Enchantment – Pati Nagle Review

Holly Parker’s life changes forever when she visits Enchantment Spring with her older sister Madison. They hike through the woods, and when they reach the spring, Holly’s disappointed. A concrete coffin full of water? She expected a pool surrounded by flowers, birds, dancing dragonflies.

But fine. They eat the lunch they packed, and lounge around in the sunshine a while. As they get ready to leave, Holly dabbles her fingers in the water.

And sees a face beneath the surface.

The joy of first love fills her, but Holly’s happiness turns to horror when she learns that the government plans to demolish Enchantment Spring. Her passion for Ohlan — the beautiful water spirit who inhabits the spring — is so strong that she’ll gladly risk her life, standing between the spring and the backhoes, to save him.

Holly and her sister Madison take a trip up to Enchantment Spring, which turns out to be more of a coffin of water. Inside, Holly sees a young man, but her sister Madison is unable to see him. She finds out this man is Ohlan, guardian of the spring, who has recently been weakened. Because Holly is already half in love with him, she sets out to find out what’s weakening him. Soon, she realizes that the trail has been marked for a restoration project, and Ohlan might die because of it.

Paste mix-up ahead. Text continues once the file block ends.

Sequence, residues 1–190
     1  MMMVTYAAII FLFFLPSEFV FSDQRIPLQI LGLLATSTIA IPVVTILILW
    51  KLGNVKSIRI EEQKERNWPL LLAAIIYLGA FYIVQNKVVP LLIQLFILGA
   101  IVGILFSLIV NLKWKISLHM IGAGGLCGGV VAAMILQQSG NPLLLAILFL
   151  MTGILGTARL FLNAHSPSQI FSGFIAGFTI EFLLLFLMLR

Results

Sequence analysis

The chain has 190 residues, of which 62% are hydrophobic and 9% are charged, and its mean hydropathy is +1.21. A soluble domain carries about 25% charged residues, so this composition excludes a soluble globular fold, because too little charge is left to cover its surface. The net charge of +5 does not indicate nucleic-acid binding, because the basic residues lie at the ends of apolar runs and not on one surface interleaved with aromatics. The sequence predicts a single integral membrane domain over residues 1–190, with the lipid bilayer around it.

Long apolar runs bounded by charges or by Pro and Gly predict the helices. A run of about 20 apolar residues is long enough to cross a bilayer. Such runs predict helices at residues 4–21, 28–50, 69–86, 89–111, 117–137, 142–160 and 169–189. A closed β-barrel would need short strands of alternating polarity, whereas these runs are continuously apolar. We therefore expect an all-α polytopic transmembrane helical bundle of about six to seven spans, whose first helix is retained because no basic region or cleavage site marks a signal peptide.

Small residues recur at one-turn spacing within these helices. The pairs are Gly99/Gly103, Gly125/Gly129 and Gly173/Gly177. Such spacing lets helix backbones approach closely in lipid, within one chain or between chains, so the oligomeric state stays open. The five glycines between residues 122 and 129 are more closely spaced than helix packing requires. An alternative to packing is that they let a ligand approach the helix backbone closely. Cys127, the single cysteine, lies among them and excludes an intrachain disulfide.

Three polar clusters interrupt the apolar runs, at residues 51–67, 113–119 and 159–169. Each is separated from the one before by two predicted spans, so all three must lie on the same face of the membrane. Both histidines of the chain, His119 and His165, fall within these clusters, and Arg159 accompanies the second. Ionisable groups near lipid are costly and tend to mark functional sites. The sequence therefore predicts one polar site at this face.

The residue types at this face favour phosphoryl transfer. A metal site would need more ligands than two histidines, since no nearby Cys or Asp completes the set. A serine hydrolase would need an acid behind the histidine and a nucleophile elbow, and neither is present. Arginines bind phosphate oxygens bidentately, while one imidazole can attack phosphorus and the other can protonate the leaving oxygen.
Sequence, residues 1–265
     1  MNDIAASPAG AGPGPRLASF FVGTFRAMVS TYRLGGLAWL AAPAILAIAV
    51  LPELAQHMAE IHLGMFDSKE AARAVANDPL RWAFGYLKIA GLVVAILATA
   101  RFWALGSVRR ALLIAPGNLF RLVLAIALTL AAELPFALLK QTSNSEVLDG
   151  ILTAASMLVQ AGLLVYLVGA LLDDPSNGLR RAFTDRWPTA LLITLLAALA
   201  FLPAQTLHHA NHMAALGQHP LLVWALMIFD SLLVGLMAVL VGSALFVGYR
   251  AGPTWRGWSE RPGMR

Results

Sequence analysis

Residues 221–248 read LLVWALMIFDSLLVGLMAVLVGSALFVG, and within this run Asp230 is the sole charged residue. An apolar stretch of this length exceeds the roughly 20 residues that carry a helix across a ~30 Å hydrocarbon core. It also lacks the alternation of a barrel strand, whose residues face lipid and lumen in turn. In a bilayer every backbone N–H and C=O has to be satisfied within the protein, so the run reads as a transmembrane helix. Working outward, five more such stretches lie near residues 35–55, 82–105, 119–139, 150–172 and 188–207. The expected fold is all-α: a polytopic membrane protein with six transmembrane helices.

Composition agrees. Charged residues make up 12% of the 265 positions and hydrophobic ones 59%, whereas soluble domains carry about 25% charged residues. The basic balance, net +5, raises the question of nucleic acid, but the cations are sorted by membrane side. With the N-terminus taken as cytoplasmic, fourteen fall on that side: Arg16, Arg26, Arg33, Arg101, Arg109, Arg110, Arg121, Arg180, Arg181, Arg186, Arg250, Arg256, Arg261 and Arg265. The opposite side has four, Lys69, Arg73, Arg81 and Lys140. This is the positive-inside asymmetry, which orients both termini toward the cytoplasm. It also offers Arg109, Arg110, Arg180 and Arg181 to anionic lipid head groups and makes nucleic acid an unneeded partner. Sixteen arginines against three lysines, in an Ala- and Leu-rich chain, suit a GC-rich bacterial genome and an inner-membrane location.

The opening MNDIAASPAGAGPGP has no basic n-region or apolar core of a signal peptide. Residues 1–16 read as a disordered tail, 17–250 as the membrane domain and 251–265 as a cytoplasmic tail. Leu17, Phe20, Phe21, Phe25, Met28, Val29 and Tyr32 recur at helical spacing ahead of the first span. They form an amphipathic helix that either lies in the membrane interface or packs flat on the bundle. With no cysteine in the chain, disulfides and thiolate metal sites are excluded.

I received this book from the LibraryThing Early Reviewers program. I found the beginning to be a little rushed. It seemed like Holly met Ohlan really quickly (and fell in love with him even more quickly). I liked how Ohlan wasn’t the only water spirit she met. In fact, the whole idea of water spirits is interesting. Instead of being dark or dangerous, Pati Nagle decides to make them loving protectors, guardian spirits. You can’t help but wish the world was as magical as Holly’s world.

Things that don’t ring true: teenagers and college students with fanny packs. When was the last time you saw anyone with fanny packs? Also, Holly’s relationship with her parents and sister was a little confusing at times. They obviously worry about her and the pressure for her to choose a university from her parents is understandable, but the relationship just seemed a little false, as if Pati Nagle was writing the relationship she thought teenagers had with their parents.

I tried to get into this book, but I just couldn’t get past how artificial the relationships were. Also, the ending was so anticlimactic! An okay read to kill some time.

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